According to the page linked to the right, "What is Freestyle Skiing,": Freestyle skiing was organized in Canada in 1974 by John Johnston, Moguls has had full medal status in the Olympics since 1992 with Aerials acceptance into the Olympics in 1994. There is probably more to the story than this. There is a lot more to the story. John Johnston was instrumental in organizing Freestyle Skiing in Canada, but it really originated in the US prior to '74. Not to discount a few random and early "flips" by Stein Erickson and others in the 60's, freestyle skiing's main tap root can be traced to group of "hotdoggers", including Canadians and Europeans, who were brought together in the early 70's by Skiing Mag (or was it Ski?) at Sun Valley and Jackson Hole (etc) to compete for an automobile. There were no rules to speak of so the wildest or craziest run would win. It also resulted in serious injuries, so the competitors got together to form a regulatory body. I was the attorney and I formed a nonprofit called International Freestyle Skiing Association for them in 1973. I attended the competitions and tried to help them make sense of it all (mostly late at night while they were wrangling over rule changes for the next morning!!) The competitor were literally inventing this new sport on the fly, often changing the rules between competitions. Summer of 1974, they asked me to organize the business side of the tour to give it more stability. I formed a corporation called Professional Freestyle Associates, which then negotiated contracts with ABC Wide World of Sports, CBC in Canada and Eurovision, which then enable us to sign Midas Muffler, Colgate for the Women's competition, plus European and Canadian Sponsors. The competitors, through their nonprofit association, put together the rules, the format, trained the judges, etc, so that I could then produce the competitions. Our agreement was that the rules could only be changed in the summer, and had to be consistent for the entire season. In PFA's first year, winter of '74/'75, we produced 8 competitions, 4 in the US, 3 in Europe and 1 in Canada with a total of about a half-million in prize money (not bad at the time.) (Plus some regional "ingress" competitions to allow new competitors entry.) We did the same thing in '75/'76. However, the wheels started coming off in '76/'77 due to liability and maturity issues. The sport was too new and too different (Ballet?) at the time and the establishment (racers, ski instructors, long-ski devotees) did not like it. Many hated it. It had never had a youth program, or coaches, let alone any discipline. The resorts banned inverted aerials and without that there was no national TV. So the professional competitions in the US petered out, but some of the competitors started camps and youth programs and grew it from the ground up, which is really what it needed to gain credibility. Amateur competitions continued, ISF sanctioned it, inverted aerials were restored and the rest as they say is well documented history. The best writing that I know of regarding the origins of freestyle skiing can be found in the July 1976 (I think -- Donnie Osmand on the cover) issue of Rolling Stone Magazine, article by Lucian Truscott IV. It is very comprehensive coverage of the origins of the sport.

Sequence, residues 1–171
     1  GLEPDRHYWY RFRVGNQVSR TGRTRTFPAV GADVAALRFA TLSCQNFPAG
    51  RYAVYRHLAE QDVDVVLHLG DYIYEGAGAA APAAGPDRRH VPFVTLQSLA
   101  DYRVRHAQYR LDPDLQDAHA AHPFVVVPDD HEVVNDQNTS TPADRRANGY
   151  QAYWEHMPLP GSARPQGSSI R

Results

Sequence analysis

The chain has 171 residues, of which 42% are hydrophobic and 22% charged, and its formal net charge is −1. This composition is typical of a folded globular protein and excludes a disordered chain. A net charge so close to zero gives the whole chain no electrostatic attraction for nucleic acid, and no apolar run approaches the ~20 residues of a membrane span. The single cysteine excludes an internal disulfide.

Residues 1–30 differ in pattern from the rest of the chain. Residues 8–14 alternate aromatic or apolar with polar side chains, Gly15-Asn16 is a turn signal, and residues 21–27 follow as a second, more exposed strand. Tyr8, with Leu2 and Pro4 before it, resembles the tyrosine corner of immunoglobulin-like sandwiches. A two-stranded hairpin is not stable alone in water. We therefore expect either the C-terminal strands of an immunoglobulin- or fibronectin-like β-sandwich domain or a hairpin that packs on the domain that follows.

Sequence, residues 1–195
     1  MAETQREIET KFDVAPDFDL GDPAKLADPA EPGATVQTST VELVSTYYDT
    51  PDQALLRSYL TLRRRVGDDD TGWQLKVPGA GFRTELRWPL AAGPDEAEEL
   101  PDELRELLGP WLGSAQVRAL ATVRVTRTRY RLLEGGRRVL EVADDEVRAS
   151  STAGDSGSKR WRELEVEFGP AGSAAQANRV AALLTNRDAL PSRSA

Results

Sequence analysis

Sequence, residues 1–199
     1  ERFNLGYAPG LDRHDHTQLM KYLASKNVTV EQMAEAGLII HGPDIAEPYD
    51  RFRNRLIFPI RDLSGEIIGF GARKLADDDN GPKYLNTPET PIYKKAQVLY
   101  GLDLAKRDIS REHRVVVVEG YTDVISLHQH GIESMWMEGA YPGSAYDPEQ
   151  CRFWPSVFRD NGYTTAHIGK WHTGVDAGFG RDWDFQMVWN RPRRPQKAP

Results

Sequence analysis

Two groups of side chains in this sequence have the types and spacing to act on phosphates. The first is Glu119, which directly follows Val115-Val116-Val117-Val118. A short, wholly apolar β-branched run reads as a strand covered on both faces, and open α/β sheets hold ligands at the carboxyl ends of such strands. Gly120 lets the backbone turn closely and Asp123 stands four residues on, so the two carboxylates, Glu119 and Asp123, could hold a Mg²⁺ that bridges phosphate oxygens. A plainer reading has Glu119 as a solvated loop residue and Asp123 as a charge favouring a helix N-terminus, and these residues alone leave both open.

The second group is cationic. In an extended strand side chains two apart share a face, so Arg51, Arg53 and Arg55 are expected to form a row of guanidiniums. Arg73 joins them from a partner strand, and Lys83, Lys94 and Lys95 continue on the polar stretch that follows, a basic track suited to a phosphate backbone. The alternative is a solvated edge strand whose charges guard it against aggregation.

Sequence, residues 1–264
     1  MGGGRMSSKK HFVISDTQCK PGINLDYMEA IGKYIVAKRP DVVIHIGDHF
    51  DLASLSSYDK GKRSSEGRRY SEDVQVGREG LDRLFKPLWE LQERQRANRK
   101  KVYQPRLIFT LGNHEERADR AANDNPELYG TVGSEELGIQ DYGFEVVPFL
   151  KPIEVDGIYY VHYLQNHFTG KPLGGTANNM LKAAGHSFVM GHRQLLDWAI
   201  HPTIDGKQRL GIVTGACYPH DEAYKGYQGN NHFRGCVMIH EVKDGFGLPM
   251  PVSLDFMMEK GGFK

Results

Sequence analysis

aerial skiing is one form of freestyle skiing. Moguls and aerials make up freestyle skiing
history of freestyle skiing
Freestyle Skiing is played: It is and acrobatic for of technical and aerial skiing
You might be thinking of professional skiing. As in the Olympics, Freestyle skiing is a discipline which contains a: Mogul event Areial event Ski-cross event So really, mogul skiing is a type of freestyle skiing.
It can be. Alpine skiing means downhill skiing while nordic skiing is cross-country skiing. Freestyle is part of alpine, but instead of just going down the mountain freestyle is specifially jumps, grinds tricks etc.
freestyle skiing equipment is the stuff you need to ski or els you fall te he
skiers use jumps (also called kickers or launches) or rails to do Freestyle skiing
Aerial skiing Mogul skiing and ski cross
There are two main parts of skiing which are sand skiing and snow skiing. classes include trick skiing and freestyle skiing.
Water skiing, Downhill skiing, cross country skiing, freestyle skiing, ski jumping, so on.
Freestyle- when you do jumps and rails.
No, ski cross is where you race against other skiers at the same time. Freestyle skiing is where skiers to jumps and tricks.
There is alpine skiing, cross country,Nordic,freestyle, speed skiing, acrobatic and ski jumping
I guess there are several tricks that skiers could do. A good example for this is freestyle skiing is a combination of Skiing techniques and acrobatics. In this type of Skiing alone, there are a lot of Ski Tricks executed by Freestyle enthusiasts.
no its bull